There was a time about three or four years ago when every manufacturer was throwing its hat into the wearable ring and designing a smartwatch. Since then many have fallen by the wayside, leaving the likes of Apple, Samsung, Huawei, Fitbit and Garmin to lead the way.

Among those handful of companies dominating the smartwatch space, there is a clear split in terms of the types of smartwatches – fitness or lifestyle. Occupying the latter is Apple, with the Apple Watch akin to a luxury chronograph. Fighting on the fitness side of things are Fitbit, Garmin and more recently Huawei and Samsung.

This brings us to the Fitbit Versa 2, which is the company’s latest smartwatch. We were big fans of the original Versa, particularly for its jack of all trades functionality and value for money.

So how does the new addition to the lineup stack up against its predecessor and the competition?

We took the Versa 2 for a spin over the past few weeks to find out. Here’s what we learned in that time.

Mistaken identity?

The Versa 2 looks quite different to its fore-bearer. Gone is the angular frame for something a bit smoother. In fact the very first thing people think when they see the Versa 2 is that it looks a lot like the Apple Watch. It’s not just us, the Versa 2 could just be sitting on a table charging and people would ask which Apple Watch that is.

Whether that is a compliment is up for debate, but regardless it’s clear that the change in design from Fitbit is intentional, and the firm is clearly opting for a different kind of user with the Versa 2.

What kind of user is that precisely? We’ll get to that shortly, but let’s touch on some of the other design elements of the device.

In terms of size at 25.07mm (length and width) the Versa 2 doesn’t feature the largest display among most other smartwatches, which are normally around the 36mm to 42mm range. While this does afford you a sleeker device around your wrist, it does mean that the there isn’t much screen real estate to navigate. This an issue that those of us with pork sausage fingers for digits will soon come to realise.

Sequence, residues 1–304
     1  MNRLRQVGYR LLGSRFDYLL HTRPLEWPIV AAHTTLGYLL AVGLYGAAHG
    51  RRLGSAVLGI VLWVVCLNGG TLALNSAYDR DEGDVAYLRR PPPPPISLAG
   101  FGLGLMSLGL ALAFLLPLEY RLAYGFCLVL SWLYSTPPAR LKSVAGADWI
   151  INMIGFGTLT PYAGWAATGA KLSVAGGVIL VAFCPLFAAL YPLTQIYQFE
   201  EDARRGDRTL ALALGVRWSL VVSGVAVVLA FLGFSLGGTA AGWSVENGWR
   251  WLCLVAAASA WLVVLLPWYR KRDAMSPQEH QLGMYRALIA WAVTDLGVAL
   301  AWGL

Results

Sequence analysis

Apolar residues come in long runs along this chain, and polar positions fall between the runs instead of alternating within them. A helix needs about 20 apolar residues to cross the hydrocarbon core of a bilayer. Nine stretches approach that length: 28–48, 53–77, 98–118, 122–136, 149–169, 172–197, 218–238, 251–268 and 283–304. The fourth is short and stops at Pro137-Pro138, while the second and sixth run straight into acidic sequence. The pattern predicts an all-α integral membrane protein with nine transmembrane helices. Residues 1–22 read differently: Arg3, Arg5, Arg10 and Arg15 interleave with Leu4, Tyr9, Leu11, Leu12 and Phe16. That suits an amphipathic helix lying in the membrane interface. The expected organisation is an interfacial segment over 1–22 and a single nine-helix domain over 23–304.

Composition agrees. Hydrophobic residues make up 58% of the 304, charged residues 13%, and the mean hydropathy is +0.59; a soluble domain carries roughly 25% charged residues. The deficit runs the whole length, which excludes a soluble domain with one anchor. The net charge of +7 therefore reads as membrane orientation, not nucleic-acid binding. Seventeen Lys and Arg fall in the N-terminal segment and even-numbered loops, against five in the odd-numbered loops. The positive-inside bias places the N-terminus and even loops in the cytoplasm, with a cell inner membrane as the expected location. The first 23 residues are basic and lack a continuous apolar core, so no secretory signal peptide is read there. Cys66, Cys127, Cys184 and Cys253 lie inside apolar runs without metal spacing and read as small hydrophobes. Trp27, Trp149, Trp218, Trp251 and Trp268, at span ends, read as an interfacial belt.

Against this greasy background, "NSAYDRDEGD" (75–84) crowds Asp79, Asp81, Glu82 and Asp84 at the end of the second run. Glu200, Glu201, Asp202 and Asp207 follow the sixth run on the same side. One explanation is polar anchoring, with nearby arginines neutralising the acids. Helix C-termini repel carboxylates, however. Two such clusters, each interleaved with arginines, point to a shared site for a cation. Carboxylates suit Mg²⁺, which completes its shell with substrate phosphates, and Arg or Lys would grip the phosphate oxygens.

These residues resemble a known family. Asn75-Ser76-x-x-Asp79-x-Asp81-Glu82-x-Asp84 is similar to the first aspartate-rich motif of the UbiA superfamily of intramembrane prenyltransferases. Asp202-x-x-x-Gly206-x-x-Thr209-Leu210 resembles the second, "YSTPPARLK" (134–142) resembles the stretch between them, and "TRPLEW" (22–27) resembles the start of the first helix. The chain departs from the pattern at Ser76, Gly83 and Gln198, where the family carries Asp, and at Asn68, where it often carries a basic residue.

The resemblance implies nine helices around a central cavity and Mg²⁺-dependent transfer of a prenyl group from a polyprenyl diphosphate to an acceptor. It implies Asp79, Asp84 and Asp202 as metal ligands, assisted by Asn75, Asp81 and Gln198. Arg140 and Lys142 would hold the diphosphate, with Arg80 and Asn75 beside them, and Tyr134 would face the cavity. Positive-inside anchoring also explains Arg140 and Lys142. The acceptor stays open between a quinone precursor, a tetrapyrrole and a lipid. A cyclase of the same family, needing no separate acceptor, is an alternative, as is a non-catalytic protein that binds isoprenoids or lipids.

One of the other more finicky elements of the Versa 2 is the mechanism to detach and reattach the watch straps, which despite our best efforts and several minutes later required the assistance of someone with more nimble fingers to complete.

These are not dealbreaker design elements, but certainly something to consider if you take a more robust approach to wearables.

Stock standard

Now for the features and specifications. Here Fitbit has not changed things too drastically from the previous generation. Swiping from left to right switches between the watch face and other settings/modes.

There’s the usual suspects, such as the ability to track different types of workouts (run, swim, treadmill, gym), along with a timer, a breathing application and links to other fitness apps such as Strava. Fitbit has also added integration for Spotify, but the Versa 2 only as a player, which means your smartphone will be the primary source of the streaming. We feel like Fitbit missed a trick here, as being able to stream natively would have been a great feature to distinguish the Versa 2 from other offerings.